The average operator willing to forego 20-40% of their profit for delivered meals won’t see the damage that can cause until it’s too late unless of course they have 200 units or a growth strategy with abundant capitalization to get there.
But I’m talking about the everyday independent neighborhood operators and the small regional groups with less than 10 outlets. There is a segment of the consumer market that makes up the loyal guests who make a conscious effort to support their favorite places. And I believe those guests can and will be willing to pay for the convenience of meal delivery once it's necessary - just as they are willing to pay for a Lyft in order to get to there.
There are so many ways to do delivery in-house, or with an outside third party, in a fiscally responsible way... but someone will reap huge rewards for quickly thinning the herd at the expense of inexperience.
Once that cannibalization occurs, food delivery companies will either be forced to sustain themselves with big corporate contracts or by bringing their earnings expectations more in line with what makes sense for smaller operators or... my bet is that customers will end up paying for the service they have become accustomed to receiving / benefitting from once enough restaurants realize they can't be the ones footing the bill for door-to-door convenience.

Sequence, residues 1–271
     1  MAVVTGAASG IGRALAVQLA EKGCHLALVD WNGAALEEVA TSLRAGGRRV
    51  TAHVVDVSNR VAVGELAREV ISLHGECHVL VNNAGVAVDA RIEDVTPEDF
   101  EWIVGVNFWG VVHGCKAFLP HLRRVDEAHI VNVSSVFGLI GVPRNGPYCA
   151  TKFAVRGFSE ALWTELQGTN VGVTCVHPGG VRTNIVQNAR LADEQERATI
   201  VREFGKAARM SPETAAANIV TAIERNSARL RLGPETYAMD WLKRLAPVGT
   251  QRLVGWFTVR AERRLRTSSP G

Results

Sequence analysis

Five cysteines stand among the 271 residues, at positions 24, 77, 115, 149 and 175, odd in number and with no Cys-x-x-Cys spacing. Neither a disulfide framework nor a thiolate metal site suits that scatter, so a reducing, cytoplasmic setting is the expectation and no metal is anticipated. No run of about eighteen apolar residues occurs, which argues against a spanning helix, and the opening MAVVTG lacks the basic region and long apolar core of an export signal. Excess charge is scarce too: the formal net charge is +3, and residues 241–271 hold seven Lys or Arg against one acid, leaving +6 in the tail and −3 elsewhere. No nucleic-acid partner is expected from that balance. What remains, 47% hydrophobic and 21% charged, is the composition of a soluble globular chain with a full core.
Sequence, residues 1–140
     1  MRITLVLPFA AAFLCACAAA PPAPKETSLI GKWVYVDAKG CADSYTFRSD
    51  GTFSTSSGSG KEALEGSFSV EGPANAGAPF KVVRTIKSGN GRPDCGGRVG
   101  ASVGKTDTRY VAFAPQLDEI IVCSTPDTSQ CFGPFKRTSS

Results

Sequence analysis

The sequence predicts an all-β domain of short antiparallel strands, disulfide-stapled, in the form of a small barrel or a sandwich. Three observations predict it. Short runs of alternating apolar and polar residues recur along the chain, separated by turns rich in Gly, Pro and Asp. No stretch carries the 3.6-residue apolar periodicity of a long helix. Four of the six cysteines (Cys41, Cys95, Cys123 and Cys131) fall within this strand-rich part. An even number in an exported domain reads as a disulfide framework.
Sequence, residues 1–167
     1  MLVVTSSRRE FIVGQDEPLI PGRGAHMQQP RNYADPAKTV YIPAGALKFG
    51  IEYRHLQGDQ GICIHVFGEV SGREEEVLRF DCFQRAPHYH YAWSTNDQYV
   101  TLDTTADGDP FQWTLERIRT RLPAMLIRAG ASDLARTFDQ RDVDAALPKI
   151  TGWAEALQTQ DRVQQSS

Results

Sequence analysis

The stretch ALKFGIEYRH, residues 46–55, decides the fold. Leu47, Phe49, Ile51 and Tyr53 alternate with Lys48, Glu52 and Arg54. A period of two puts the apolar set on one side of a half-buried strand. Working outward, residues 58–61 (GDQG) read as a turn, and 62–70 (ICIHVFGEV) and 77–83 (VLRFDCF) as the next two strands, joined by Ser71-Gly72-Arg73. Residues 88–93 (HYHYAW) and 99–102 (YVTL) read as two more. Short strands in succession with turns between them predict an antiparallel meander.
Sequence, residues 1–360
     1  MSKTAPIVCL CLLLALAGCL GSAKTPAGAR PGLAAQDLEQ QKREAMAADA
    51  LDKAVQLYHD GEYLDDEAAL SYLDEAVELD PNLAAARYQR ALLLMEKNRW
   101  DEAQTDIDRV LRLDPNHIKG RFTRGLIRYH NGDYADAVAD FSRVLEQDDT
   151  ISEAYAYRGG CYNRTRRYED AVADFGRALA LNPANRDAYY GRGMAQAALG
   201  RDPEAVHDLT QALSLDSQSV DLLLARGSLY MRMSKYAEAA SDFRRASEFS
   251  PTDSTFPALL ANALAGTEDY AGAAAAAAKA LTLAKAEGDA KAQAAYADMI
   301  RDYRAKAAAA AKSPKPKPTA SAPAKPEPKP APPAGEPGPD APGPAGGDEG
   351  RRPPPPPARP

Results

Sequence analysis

If your business model is set up for customers walking through your door, then you can't pay to walk through theirs.
That being said, I am working on cutting the amount of tables / FOH space by 30% for a current client so that the delivery service fees are covered / part of the overhead while we structure our own independent delivery service...which happens to work perfectly for her concept.
If you’re going to use one of these delivery services, I’d recommend using them only as an interim service until you have your own, as a market viability test or as a way to introduce (via flyers in every bag) a curbside pick-up option at your location with dedicated spaces near the door and 20% off the bill (Like some national chains are doing). Just realize that you’ll have a separate revenue center and as such - you’ll need to make things right in real time with a FOH mgr or asst mgr dedicated to the constant monitoring and regular reconciliations necessary to ensure the negative impact (wrong orders, late arrivals, misfires, etc…) to your brand is mitigated (the last thing you want is to have your only mgr tied up on the phone with customer service for 20mins in the middle of a Saturday night service.)
Hope this helps,